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Warren Commission Hearings: Vol. I - Page 179« Previous | Next »

(Testimony of Mrs. Marguerite Oswald Resumed)

Mr. Rankin.
Could we take those letters now and have the reporter identify them? Here is the one about the uncle in the Army?
Mrs. Oswald.
That is one I am sure of.
Now, I did not finish the story of the woman offering Marina a home. I have not finished that story, really. This affidavit that I showed you about the woman offering Marina the home the morning of the 28th--I picked up the newspaper and I read in the newspaper-I will be through with this story in 1 minute. I picked up the newspaper on the 28th of November and I read in the newspaper where this woman had offered Marina a home. So I said to the agent that was sitting up-everybody was sleeping, and as I told you I sat up all night----
Mr. Rankin.
This was 1963, after the assassination?
Mrs. Oswald.
1963, November 28. It was on the 27th that 1 knew my daughter was offered a home. Nothing was said where. In fact, at the time I thought she was going to live in Mr. Gregory's home. I just thought that. I did not ask. I was so hurt, I did not ask.
But on the morning of the 28th I picked up the paper and read this story about the woman going to the Dallas Police offering Marina a home. So I said to this agent, "Evidently that is who Marina is going to live with." But I did not know. But on the 28th is when 1 saw the story of the woman offering Marina the home.
Mr. Rankin.
Now, you have produced a number of letters that you described as being letters received from your son, Lee Oswald, while he was in the Soviet Union.
Mrs. Oswald.
Yes, sir.
Mr. Rankin.
And we have asked you if you could identify the three letters that the Secret Service brought back to you and asked you to give a receipt for. You said it is very difficult, if not impossible, £or you to do that. Is that right?
Mrs. Oswald.
No, sir, I did not say that. I said that one letter I was sure of, because it stated that her uncle was an officer in the Soviet Union. That letter I am sure of. The other two letters--I would have to go through the letters. I think I could spot them, because it would be of importance to our country and the Secret Service to know--in other words, it was important for them to know she had an uncle in the Soviet Union. And the other two letters would be on that order. And I believe maybe I could-I would not want to state a fact that these two letters--I think I would be pretty close to choosing the other two letters as the proper letters.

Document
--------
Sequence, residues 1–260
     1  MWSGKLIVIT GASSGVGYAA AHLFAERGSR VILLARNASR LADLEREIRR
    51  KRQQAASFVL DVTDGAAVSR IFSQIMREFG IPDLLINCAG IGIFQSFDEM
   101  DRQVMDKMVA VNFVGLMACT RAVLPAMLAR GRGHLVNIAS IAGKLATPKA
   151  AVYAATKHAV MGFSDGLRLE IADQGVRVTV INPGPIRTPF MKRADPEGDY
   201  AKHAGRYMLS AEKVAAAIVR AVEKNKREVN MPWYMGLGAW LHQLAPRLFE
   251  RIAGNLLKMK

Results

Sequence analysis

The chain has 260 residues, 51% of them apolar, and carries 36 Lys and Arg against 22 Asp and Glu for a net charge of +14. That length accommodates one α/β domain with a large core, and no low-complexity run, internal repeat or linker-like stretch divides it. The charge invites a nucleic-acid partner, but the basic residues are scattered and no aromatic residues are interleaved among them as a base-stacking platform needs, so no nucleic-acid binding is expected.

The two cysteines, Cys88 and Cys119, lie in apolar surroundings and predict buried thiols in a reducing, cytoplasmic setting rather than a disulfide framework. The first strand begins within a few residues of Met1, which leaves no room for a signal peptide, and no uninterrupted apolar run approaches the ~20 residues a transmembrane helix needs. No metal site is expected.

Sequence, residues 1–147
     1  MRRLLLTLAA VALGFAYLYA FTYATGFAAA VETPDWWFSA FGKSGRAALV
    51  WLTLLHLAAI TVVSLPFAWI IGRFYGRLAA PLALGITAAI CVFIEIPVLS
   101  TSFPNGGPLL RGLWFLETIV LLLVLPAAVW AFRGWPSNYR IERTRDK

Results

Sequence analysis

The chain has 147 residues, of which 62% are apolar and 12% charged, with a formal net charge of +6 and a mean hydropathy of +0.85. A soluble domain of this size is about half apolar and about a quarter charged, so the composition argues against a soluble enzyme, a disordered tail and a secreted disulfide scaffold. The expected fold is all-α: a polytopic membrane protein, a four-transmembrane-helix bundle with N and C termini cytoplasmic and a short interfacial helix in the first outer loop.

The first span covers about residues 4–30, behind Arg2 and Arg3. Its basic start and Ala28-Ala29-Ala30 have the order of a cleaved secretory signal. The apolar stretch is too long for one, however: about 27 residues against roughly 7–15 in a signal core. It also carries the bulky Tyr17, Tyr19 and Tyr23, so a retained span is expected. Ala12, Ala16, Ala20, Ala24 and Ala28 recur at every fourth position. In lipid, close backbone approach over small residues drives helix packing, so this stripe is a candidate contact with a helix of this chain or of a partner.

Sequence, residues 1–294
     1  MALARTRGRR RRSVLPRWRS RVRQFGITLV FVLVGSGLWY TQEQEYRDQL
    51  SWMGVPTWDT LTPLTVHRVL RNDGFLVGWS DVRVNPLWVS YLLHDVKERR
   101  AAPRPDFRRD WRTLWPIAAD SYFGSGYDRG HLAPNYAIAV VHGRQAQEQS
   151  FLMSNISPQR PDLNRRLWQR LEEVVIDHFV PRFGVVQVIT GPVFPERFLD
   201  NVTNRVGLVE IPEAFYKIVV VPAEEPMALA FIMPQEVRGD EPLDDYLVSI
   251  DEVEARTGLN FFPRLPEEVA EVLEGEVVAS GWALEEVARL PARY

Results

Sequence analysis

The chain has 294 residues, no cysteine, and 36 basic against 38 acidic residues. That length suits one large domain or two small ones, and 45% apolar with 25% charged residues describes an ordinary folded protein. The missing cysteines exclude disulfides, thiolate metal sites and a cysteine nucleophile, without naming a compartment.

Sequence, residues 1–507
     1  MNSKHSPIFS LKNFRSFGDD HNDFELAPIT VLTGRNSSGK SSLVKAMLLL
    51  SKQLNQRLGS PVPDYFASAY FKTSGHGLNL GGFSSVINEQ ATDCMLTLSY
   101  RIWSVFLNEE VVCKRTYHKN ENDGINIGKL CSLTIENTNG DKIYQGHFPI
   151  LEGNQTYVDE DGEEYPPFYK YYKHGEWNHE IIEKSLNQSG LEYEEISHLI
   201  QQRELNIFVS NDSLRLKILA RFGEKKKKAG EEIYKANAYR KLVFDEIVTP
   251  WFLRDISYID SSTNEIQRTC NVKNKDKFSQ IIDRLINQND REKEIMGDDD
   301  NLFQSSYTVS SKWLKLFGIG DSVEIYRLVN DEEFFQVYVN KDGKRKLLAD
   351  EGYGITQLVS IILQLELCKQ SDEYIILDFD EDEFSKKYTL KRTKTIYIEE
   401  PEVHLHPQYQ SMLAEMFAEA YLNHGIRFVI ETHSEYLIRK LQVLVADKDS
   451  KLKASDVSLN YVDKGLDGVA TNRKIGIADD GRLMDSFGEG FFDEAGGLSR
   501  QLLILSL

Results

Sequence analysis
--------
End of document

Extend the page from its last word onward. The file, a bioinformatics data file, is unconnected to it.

Mr. Rankin.
Mrs. Oswald, I wonder if it would be agreeable to you if we would identify all of those letters that you received from your son while he was in the Soviet Union, and then possibly when we recess you could look them over and see----
Mrs. Oswald.
Yes, sir, that's perfectly all right.
Mr. Rankin.
See if you can pick out the ones you gave a receipt for.
Mrs. Oswald.
That is perfectly all right. Any way you want to do it is all right with me.
Mr. Rankin.
Mr. Reporter, I will ask you to mark them, and Mr. Liebeler. will you help in the marking, because the letters are covered with glassine, and it may be hard to mark them with ink. I think by putting those stickers on we can help you.
Mrs. Oswald.
Not all of the letters have dates. I think by taking the date on the back of the envelope it would be all right. And we had them in order. I don't know if they are still in order. But we had them by the dates.
Mr. Rankin.
Mr. Reporter, I offer in evidence Exhibits 170 to 179, both inclusive, being pictures of the funeral and the casket that Mrs. Oswald has produced here for the Commission, and ask leave to substitute copies.
The Chairman.
They may be so introduced.
(The photographs referred to were marked Commission Exhibits Nos. 170 to 179 inclusive for identification, and received in evidence.)
Mr. Rankin.
I then offer the various letters that Mrs. Oswald produced, that she said were sent to her by her son, Lee Harvey Oswald, from the Soviet Union.
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